@LilianMoraru No. Custom-compilation of std is on my radar generally, but there are a lot of interrelated issues that I don’t think we can tackle yet.

In the meantime the multirust update --link-local command will work to create entire custom toolchains that may have other stds. The only problem with this is that you don’t get cargo, but I want to add a cargo fallback so you can use nightly cargo with custom toolchains.

If this was fixed you would use multirust-rs? It needs to work behind proxies. I’d love a patch :wink:

This is likely to end up the predominant way to obtain Rust, and to me “crossrust” sounds like a special-purpose tool. Also, “rustup”, while it doesn’t have any meaning on its own, does have meaning to the existing Rust community. It’s actually a noun / verb used by Rustaceans.

@cmr This is related to my previous comment to @LilianMoraru. Making it easy to build custom stds is definitely on the radar - @alexcrichton and I talk about it a lot at least - and we see this as a first step in that direction. We don’t have a design yet, but rustup/cargo + rustbuild are part of the story.

It’s not possible to do it automatically right now, but that’s just because I haven’t added the command. I agree it should be added.

In the meantime - and I know this is awful - $HOME/.multirust/toolchains/nightly/lib/rustlib/ --component rust-std-x86_64-unknown-linux-musl might work.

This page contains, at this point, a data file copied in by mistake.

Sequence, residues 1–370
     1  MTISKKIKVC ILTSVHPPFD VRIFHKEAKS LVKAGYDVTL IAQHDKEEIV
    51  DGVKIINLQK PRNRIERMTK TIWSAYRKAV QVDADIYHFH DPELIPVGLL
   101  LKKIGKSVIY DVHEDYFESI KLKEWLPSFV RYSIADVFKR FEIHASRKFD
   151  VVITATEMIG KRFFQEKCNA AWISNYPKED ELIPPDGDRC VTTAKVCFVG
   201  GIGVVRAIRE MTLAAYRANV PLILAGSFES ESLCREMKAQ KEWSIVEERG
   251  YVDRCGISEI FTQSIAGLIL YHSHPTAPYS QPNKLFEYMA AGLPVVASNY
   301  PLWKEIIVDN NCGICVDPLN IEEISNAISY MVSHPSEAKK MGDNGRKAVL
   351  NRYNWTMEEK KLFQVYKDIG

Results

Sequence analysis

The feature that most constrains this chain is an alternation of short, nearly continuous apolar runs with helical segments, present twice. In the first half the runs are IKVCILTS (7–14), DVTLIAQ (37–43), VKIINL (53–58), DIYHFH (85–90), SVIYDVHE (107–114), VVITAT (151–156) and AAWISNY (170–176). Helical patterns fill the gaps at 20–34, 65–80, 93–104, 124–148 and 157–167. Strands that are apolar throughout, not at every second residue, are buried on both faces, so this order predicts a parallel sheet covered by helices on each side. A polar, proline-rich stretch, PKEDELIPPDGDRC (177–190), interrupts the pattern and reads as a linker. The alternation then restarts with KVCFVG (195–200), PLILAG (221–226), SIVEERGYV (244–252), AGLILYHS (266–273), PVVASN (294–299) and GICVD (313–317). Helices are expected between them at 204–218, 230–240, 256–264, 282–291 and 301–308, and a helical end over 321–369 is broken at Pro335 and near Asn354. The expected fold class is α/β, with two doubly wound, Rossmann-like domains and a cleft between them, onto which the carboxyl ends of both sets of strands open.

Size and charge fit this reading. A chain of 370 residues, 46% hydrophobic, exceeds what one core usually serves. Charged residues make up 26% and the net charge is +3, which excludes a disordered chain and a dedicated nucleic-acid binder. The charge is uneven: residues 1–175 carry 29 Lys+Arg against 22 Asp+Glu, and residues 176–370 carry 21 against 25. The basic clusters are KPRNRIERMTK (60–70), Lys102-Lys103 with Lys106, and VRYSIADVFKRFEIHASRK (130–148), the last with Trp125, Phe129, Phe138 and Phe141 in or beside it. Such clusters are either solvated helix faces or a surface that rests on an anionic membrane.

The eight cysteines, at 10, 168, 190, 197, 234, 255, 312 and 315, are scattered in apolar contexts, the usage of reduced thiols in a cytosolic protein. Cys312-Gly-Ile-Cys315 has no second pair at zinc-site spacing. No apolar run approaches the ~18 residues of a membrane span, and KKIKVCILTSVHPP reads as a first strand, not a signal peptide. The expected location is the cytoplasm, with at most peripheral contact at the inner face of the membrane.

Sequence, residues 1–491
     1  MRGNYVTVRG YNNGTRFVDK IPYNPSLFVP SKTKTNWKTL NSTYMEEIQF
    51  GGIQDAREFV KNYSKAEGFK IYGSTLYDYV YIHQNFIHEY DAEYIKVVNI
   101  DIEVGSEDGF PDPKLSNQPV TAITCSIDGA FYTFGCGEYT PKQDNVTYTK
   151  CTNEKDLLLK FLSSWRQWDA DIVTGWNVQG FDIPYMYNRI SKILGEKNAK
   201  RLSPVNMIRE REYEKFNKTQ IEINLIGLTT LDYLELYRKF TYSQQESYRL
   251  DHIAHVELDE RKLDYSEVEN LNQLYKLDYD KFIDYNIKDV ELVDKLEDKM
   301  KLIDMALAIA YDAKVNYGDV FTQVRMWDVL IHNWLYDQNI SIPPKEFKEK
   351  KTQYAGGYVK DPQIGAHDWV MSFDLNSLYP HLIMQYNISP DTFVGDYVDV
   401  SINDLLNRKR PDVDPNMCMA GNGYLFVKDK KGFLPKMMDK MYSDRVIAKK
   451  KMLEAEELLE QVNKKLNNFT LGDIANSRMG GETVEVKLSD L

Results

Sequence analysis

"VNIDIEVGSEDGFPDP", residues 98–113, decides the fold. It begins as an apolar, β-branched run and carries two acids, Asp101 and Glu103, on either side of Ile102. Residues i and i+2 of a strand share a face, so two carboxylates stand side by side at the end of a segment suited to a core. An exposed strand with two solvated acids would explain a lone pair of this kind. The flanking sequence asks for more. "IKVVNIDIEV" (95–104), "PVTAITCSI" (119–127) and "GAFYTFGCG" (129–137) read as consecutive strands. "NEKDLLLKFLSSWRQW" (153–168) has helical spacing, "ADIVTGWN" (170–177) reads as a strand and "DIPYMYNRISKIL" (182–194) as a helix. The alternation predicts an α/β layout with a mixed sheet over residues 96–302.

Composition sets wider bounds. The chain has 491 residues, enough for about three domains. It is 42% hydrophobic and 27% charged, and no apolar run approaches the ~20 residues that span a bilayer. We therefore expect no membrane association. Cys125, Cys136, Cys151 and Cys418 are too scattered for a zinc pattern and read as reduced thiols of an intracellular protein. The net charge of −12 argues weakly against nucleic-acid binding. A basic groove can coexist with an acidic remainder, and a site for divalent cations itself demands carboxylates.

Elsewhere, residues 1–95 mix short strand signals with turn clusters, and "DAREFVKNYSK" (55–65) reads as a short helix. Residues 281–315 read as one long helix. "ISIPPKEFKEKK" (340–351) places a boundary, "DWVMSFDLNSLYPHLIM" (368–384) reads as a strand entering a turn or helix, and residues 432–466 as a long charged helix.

Well, that was just a thing thrown in the ring as a first. “rustup” may have meaning to the existing community, but it is absolutely bare of meaning for anyone from the outside. I cannot imagine it being used as a noun/verb outside of the English speaking world, but YMMV.

This naming an actual problem I have in meetups, courses and at places where we go advertising. People miss the tool because they don’t know what it all does.


I already use Rust exclusively through multirust.
And since you said that you concentrate your effort on multirust-rs, of course I would switch as soon as it works.


FWIW, once this becomes a reality, it will be advertised heavily in the book, etc. We have hesitated to do so because of the lack of windows support in the past. I wonder if that helps.


I for one very much like the rustup name

Please make sure to post on reddit, when it’s possible to switch to more or less working I’d be happy to beta test it.


I’m having this issue with just --list-available-targets. I had a previous nightly installed iirc, and I just now did curl -sSf | sh -s -- --channel=nightly but now unfortunately I can’t --list-available-targets~~indent preformatted text by 4 spaces


sorry, reinstalling with: sudo ./ --with-target=x86_64-unknown-linux-musl --channel=nightly
worked like a charm :slight_smile: